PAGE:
Partick Thistle have decided to pay out a goal bonus to Kris Doolan despite the striker's "ghost goal" against Morton was somehow missed by the match officials.
Footage of the Jags hitman's second-half effort not just crossing the line but actually hitting the back of the net has gone viral since referee Barry Cook's blunder on Saturday.
The clip has so far racked up more than 1.5million views on social media and now Thistle chiefs have decided to reward Doolan.
The Maryhill outfit insist the forward - who is still waiting for his first 'official' goal of the new season - did "everything right and deserves the credit for what would appear to be a perfectly legitimate goal".
🤔 Over the line? You decide. pic.twitter.com/tG24Xil8Md— Partick Thistle FC (@PartickThistle) September 1, 2018
Doolan has now decided to donate his bonus to the club's charity partner, the Beatson Cancer Charity.
He told the Thistle website: "Saturday was absolutely bizarre and having watched it back a few times I still can't understand what the officials have seen to disallow it.
"It isn't about the money for me and I just want to do everything I can to help the club get back to the Ladbrokes Premiership. Having not scored so far this season I was desperate to get off the mark and thought I'd done that when the ball hit the back of the net on Saturday.
"When Gerry Britton contacted me on Monday morning to tell me the club was paying my bonus I knew I wanted to give it to charity - the goal wasn't given after all.
"Hopefully the next time I hit the net there won't be so much controversy around it."
Thistle - who won Saturday's Championship clash 1-0 - are still waiting for a response from the Scottish Football Association after writing to Hampden chiefs to demand an explanation on why the goal was not awarded.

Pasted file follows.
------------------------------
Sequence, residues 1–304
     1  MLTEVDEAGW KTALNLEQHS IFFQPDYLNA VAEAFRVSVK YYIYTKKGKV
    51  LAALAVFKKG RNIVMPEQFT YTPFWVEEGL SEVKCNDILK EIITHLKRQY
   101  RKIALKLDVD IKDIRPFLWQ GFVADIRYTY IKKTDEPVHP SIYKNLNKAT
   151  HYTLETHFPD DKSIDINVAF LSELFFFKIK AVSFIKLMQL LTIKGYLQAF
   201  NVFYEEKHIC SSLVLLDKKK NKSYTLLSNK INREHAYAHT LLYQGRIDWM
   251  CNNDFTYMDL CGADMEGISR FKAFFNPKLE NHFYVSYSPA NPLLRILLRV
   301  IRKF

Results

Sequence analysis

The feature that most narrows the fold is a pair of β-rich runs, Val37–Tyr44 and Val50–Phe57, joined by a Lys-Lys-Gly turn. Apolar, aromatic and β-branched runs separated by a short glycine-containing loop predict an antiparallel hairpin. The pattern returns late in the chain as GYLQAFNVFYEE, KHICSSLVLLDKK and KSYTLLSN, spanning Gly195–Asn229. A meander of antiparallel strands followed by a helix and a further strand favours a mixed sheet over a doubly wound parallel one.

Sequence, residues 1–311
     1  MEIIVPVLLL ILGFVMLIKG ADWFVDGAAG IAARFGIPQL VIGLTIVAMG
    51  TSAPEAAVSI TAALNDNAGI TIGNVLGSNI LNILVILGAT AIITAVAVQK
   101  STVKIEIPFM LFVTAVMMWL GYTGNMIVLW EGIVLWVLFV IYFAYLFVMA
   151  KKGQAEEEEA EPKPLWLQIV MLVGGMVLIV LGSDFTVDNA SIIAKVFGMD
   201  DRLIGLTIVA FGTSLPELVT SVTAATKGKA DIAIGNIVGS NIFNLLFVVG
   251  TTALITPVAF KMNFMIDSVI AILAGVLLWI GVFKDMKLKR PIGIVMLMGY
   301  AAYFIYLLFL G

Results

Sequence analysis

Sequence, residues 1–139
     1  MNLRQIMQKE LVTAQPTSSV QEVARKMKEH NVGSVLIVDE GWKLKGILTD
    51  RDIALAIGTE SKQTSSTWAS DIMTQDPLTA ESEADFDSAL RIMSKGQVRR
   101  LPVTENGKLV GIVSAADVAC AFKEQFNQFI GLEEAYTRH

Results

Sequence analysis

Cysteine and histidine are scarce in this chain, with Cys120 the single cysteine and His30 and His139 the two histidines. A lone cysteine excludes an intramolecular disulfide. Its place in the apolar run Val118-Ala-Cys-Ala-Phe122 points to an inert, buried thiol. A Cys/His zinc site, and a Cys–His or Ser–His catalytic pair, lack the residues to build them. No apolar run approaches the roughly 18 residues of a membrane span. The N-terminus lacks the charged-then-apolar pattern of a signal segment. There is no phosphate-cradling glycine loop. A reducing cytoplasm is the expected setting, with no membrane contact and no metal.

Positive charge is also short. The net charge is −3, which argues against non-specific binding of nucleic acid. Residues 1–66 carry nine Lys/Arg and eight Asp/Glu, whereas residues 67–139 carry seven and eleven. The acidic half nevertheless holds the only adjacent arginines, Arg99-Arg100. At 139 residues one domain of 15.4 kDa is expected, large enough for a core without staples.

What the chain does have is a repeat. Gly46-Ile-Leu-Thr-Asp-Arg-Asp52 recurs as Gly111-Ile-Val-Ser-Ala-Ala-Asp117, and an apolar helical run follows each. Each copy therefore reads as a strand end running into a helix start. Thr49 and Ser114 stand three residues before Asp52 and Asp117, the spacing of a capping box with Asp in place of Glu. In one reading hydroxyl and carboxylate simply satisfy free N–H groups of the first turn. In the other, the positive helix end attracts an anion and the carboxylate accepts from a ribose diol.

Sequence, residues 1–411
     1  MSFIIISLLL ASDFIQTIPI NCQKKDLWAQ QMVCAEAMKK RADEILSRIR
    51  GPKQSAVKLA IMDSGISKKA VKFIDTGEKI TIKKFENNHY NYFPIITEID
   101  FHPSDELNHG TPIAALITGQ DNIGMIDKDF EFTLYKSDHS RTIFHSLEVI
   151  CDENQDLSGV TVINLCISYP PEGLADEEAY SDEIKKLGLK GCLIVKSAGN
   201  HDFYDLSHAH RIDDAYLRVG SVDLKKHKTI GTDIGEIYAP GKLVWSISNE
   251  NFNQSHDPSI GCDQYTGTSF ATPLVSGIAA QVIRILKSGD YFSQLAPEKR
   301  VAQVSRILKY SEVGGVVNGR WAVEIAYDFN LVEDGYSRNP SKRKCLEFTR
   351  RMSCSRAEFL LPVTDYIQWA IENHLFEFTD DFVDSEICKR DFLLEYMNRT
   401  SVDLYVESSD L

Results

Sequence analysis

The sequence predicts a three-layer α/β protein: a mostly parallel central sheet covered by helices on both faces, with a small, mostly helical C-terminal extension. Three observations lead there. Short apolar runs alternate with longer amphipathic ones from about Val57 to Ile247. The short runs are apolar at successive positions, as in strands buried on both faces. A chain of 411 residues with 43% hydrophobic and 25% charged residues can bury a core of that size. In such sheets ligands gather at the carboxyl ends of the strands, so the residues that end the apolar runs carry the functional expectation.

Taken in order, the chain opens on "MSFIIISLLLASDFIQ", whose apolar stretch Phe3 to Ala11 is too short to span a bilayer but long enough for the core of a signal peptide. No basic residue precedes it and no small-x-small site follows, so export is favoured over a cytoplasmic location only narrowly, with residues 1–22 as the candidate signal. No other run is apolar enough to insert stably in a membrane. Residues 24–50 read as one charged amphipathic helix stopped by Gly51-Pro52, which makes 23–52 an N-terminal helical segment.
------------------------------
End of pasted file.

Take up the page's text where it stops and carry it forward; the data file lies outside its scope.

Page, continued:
Jags boss Alan Archibald added: "It's easy for me to talk about it now because we still won the game but a decision of that magnitude could have cost us points. At the end of the day, even though we finished with the victory we had two players booked as a result of the decision, and in a league this tight goal difference could come into play by the time we're done.
"One of the most disappointing things for me though, is that we have heard nothing from the Scottish FA or the match referee since Saturday. As managers we sit in meetings every season with the association and the referees department where they talk about being open and communicating about decisions and rules but that conversation has to work both ways.
"I seem to remember other managers in the past couple of seasons getting a call to apologise for wrong decisions but I'm not after an apology, I just want an explanation."